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Prof Case Manag. 2019 Jan/Feb;24(1):39-45. doi: 10.1097/NCM.0000000000000303.

Excellence in Population Health: A Successful Community-Based Care Transitions Program Model.

Author information

1
Cheryl Warren, MSN, RN, is currently the Chief Clinical Integration Officer at Hallmark Health System, Medford, MA, with responsibility for Ambulatory Services, Case Management, Utilization Management, and Social Work, as well as strategic planning for transitions of care in the post-acute community. She has 14 years' experience in nursing leadership, specializing in case management. Amy A. Lemieux, PharmD, BS, is a pharmacist focusing on Transitions in Care at Hallmark Health System, Medford, MA. She is an adjunct faculty member of MCPHS University and WNEU College of Pharmacy. Amy was previously a clinical supervisor at Hallmark Health System and prior to that a clinical pharmacist at McLean Hospital. Nancy Phoenix Bittner, PhD, CNS, RN, is Vice President for Education at Lawrence Memorial/Regis College Nursing and Radiography Programs and Research Scientist at Hallmark Health System, Medford, MA. Her program of research is focused on cognitive processing nursing practice. She has had several research publications and presentations related to her research nationally and internationally.

Abstract

PURPOSE/OBJECTIVE:

The Community-based Care Transitions Program (CCTP) defined a broad spectrum of interventions and services for elderly patients at high risk of hospital readmission. The purposes for a CCTP as developed by the Centers for Medicare & Medicaid Services are to improve transitions of beneficiaries from the inpatient hospital setting to other care settings, to improve quality of care, to reduce readmissions for high-risk beneficiaries, and to document measurable savings. The goals for this CCTP initiative were as follows: achievement of a 20% reduction in the 30-day all-cause readmission rate across all partner hospitals compared with baseline; reduction in the 30-day all-cause readmission rate among the high-risk cohort served; and achievement of the target volumes for full enrollment.

PRIMARY PRACTICE SETTINGS:

The partnership included acute care institutions and community-based care organizations that have been involved with care transition programs for years and have a long history of working collaboratively to provide services to a largely low-income, underserved, and ethnically and racially diverse target population.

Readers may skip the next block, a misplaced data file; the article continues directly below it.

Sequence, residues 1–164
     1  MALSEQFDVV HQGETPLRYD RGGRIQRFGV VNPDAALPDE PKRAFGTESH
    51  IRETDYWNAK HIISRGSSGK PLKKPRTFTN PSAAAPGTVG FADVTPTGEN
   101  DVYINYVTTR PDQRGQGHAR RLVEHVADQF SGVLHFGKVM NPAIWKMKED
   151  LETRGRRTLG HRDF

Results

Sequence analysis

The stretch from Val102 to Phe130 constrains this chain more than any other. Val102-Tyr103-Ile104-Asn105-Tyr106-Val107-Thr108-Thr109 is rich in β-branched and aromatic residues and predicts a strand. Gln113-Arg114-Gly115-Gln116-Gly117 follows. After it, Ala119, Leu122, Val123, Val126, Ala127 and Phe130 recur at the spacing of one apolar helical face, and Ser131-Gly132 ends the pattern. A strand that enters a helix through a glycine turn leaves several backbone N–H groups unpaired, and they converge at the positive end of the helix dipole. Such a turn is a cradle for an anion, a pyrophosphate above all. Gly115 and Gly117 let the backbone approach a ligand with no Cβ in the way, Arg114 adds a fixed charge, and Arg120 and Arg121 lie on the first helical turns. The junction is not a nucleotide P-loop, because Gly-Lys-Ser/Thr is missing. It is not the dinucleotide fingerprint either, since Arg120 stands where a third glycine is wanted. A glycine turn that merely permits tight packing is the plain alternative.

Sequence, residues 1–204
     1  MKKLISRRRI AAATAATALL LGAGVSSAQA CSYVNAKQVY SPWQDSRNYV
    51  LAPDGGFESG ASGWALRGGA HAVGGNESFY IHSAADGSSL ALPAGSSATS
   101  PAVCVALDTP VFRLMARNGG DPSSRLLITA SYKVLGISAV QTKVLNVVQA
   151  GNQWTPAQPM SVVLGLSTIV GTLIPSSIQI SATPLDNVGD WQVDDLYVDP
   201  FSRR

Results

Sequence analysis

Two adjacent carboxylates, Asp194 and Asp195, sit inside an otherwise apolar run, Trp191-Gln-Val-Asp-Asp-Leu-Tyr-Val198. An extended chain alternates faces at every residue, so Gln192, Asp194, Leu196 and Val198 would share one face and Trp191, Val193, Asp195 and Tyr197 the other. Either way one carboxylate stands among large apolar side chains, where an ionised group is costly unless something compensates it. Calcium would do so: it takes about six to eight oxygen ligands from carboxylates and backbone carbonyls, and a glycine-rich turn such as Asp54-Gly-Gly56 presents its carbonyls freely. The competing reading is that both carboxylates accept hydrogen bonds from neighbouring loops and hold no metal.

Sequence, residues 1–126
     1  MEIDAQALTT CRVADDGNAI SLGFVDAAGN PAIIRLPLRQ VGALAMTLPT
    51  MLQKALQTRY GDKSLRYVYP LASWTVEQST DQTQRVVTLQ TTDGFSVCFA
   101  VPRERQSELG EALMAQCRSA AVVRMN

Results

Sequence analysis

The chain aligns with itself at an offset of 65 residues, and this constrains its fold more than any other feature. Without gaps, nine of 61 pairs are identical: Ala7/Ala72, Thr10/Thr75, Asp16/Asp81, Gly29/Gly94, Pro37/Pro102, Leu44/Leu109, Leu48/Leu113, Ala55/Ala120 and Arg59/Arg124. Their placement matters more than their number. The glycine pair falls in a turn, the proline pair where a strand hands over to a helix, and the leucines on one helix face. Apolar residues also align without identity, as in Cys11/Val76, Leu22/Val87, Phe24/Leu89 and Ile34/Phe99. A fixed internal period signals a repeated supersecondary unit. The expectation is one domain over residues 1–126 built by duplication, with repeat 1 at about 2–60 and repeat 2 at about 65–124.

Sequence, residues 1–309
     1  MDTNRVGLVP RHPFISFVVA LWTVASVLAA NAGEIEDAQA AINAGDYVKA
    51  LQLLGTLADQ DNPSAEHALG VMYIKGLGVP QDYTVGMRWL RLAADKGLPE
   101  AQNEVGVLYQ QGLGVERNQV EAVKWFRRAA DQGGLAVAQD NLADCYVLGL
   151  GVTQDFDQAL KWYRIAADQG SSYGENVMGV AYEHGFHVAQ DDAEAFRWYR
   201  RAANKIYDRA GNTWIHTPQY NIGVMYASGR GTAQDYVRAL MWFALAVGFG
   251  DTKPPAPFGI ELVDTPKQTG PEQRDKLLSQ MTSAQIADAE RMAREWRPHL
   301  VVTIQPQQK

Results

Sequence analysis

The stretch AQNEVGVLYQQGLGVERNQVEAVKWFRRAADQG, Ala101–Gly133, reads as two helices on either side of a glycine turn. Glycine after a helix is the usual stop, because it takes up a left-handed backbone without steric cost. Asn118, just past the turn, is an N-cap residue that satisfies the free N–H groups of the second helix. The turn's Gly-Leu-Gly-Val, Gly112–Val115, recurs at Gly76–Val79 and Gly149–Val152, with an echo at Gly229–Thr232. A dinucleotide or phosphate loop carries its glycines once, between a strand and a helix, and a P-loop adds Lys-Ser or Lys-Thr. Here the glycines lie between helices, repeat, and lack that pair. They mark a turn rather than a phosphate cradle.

FINDINGS/CONCLUSIONS:

The program successfully transitioned to full operation within the first year of inception. To date, the partnership of the acute hospital setting and the community-based organizations has reached and provided services to nearly 8,000 total individuals, surpassing our target enrollment goal. To date, the readmission rate has decreased to 12.5%, which is an 11% decline since inception of the program.

IMPLICATIONS FOR CASE MANAGEMENT PRACTICE:

The collaboration of health care providers, social workers, nurse practitioners, physicians, community pharmacists, and the visiting nurses is integral to a successful transition from hospital to home. Home visits by the transition facilitators allowed for the coordination of a multitude of services in the community, including those previously available to patients in the past that have rarely been accessed. Including a pharmacist on the team provided teaching regarding medication adherence, medication management, and pharmacy services, which added to interventions to decrease future hospitalizations.

PMID:
30489473
DOI:
10.1097/NCM.0000000000000303
[Indexed for MEDLINE]

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